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A Crisis of Confidence in Prosecutors Indicting Police

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What Up, G

Something has to change, and soon.

It is a long-established and basic reality of law enforcement in America: Prosecutors who want an indictment get an indictment. In 2010 alone, federal prosecutors sought indictments in 162,000 cases. All but 11 times, they succeeded.

Yet the results are entirely different when police officers kill unarmed civilians. In those cases, the officers are almost never prosecuted either because district attorneys do not pursue charges in the first place or grand juries do not indict, as happened most recently in Ferguson, Mo., and Staten Island.

There are various explanations for this, but the most obvious is the inherent conflict of interest that exists for prosecutors, who rely heavily on the police every day. Cops arrest suspects; they investigate crimes; they gather evidence; and they testify in court, working essentially in partnership with prosecutors.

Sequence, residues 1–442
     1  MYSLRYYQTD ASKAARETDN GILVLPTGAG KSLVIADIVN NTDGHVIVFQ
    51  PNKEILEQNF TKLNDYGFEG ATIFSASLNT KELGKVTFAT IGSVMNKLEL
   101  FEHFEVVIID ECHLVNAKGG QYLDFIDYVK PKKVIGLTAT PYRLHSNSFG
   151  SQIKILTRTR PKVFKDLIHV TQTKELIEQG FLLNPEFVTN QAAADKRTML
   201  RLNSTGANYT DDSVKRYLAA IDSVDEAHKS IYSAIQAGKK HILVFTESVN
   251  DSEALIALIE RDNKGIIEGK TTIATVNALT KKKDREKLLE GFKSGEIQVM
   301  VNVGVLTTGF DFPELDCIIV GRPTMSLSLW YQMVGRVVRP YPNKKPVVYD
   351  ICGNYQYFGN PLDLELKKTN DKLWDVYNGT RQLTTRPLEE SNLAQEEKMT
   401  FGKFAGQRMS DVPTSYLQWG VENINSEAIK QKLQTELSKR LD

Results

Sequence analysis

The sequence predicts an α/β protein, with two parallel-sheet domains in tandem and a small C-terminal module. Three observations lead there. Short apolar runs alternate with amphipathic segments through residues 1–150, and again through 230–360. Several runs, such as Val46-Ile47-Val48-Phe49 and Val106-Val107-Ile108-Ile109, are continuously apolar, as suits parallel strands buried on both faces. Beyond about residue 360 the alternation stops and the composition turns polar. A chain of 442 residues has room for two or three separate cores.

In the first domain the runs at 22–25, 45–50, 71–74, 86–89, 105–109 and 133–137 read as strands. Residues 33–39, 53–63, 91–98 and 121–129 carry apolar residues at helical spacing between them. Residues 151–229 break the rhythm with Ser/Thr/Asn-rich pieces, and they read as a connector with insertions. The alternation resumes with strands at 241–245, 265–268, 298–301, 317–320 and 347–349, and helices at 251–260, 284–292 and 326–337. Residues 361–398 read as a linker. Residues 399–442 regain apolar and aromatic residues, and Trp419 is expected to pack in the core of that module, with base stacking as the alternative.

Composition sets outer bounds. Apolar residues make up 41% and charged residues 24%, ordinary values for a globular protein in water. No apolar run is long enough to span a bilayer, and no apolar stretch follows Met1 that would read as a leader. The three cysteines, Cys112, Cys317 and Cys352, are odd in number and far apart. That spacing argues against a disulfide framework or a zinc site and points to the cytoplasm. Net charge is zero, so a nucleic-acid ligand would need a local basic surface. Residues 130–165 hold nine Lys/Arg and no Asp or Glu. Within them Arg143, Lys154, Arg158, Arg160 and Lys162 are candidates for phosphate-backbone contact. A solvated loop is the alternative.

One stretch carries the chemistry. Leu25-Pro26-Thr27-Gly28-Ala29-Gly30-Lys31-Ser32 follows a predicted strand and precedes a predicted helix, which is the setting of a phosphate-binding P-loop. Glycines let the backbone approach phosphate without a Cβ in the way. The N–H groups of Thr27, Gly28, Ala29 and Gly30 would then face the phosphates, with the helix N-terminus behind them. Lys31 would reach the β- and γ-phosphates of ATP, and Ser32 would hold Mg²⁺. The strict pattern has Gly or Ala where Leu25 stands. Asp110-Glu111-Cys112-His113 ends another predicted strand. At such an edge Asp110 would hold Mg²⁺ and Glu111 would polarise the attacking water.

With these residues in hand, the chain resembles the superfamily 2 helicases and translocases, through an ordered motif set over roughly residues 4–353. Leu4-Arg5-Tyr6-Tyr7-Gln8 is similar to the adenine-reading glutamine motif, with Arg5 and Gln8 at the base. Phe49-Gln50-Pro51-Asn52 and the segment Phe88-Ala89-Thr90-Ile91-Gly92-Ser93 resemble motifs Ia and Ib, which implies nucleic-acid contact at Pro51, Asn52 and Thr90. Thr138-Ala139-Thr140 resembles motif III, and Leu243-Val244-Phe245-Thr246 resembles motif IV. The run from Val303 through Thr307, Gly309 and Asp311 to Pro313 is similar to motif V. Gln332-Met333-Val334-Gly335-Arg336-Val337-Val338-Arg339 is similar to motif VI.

Whether or not bias can be proved in a given case, the public perception of it is real and must be addressed.

The best solution would be a law that automatically transfers to an independent prosecutor all cases in which a civilian is dead at the hands of the police. This would avoid the messy politics of singling out certain district attorneys and taking cases away from them.

The police should be among the strongest supporters of this arrangement because both their authority and their safety are undermined when the communities they work in neither trust them nor believe that they are bound by the same laws as everyone else.

(click here to continue reading A Crisis of Confidence in Prosecutors – NYTimes.com.)

Written by Seth Anderson

December 8th, 2014 at 9:44 pm

Posted in government

Tagged with , ,

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